Efzofitimod Granted Orphan Drug Designation in US for Lung Disease

Lindsey Shapiro, PhD avatar

by Lindsey Shapiro, PhD |

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The U.S. Food and Drug Administration (FDA) has granted orphan drug designation to efzofitimod (ATYR1923) to treat interstitial lung disease (ILD) in people with systemic sclerosis (SSc).

The therapy was developed by aTyr Pharma for treating severe diseases affecting the lungs.

Efzofitimod was designated as an orphan drug for pulmonary sarcoidosis — a type of ILD that results in clumps of inflammatory cells building up in the lungs — earlier this year based on the positive findings of a Phase 1b/2a clinical trial (NCT03824392).

According to aTyr, the recent orphan designation in SSc was supported by that trial data along with findings from SSc animal models.

Orphan drug status is given to treatment candidates with therapeutic potential for people with rare diseases, or those affecting fewer than 200,000 people in the U.S. The designation is meant to speed the therapy’s development by providing regulatory support and financial incentives. The designation also grants the treatment seven years of market exclusivity, if it’s approved.

“We are very pleased to receive orphan drug designation for efzofitimod for SSc, which marks the second such designation for our efzofitimod clinical program,” Sanjay S. Shukla, MD, president and CEO of aTyr, said in a press release.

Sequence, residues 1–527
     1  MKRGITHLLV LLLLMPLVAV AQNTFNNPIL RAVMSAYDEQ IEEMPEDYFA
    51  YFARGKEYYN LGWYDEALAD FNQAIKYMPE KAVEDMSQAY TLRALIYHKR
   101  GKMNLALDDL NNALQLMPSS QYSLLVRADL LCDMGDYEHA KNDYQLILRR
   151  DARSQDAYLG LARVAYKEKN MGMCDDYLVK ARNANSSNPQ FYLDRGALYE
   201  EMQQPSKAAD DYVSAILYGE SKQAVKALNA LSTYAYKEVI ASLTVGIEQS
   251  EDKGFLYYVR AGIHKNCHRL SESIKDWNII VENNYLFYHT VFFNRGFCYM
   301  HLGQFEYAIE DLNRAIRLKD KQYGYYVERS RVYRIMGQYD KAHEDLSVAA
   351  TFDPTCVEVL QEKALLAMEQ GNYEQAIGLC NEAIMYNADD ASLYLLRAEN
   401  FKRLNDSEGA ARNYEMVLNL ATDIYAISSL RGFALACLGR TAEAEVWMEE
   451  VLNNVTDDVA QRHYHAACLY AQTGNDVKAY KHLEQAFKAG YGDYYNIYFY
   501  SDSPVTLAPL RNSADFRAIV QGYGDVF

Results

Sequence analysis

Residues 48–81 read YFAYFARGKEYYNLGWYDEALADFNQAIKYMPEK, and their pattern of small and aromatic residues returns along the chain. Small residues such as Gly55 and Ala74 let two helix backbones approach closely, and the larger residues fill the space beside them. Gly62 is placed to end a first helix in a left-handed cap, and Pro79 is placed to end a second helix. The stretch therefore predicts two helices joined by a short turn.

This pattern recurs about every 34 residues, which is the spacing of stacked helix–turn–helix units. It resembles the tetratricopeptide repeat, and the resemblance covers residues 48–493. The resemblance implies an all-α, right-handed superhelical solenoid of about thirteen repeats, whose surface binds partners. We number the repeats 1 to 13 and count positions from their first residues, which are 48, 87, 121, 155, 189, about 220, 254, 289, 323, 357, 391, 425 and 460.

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ILD in people with SSc is characterized by inflammation and buildup of scar tissue (fibrosis) in the lungs, leading ultimately to lung damage and impairment if left untreated. Similar features are observed in pulmonary sarcoidosis, suggesting that efzofitimod could be effective for both conditions.

Efzofitimod is an intravenous (into the vein) therapy designed to suppress damaging immune responses. It does this by modulating a protein called neuropilin-2, which resides on immune cells that are implicated in both SSc and sarcoidosis, where it promotes inflammation.

In animal models of SSc, efzofitimod was able to reduce lung and skin fibrosis as well as or better than anti-fibrotic therapies nintedanib (sold as Ofev by Boehringer Ingelheim) and pirfenidone (marketed as Esbrietfoder by Genentech), aTyr reported.

While clinical trials of the treatment haven’t been conducted in SSc patients, results from the Phase 1b/2a trial in people with sarcoidosis showed that monthly intravenous infusions of efzofitimod for at least six months were safe and well tolerated.

The highest tested dose (5 mg/kg) led to the greatest improvements in lung function, along with reductions in shortness of breath, cough, and fatigue compared with a placebo.

The treatment was also able to reduce corticosteroid use by 58%. Corticosteroids are used to treat both sarcoidosis and SSc, but can result in significant side effects, and are often not well tolerated for long-term use.

“The data we have presented in animal models of SSc along with the positive findings reported from our recent Phase 1b/2a study in pulmonary sarcoidosis patients suggest that efzofitimod has the potential to be a new treatment option that resolves inflammation and subsequent fibrosis in those living with SSc-ILD,” Shukla said.

“We look forward to exploring the potential expansion of our efzofitimod clinical program into other forms of ILD with high unmet need where this novel therapeutic may be able to improve patient outcomes,” Shukla added.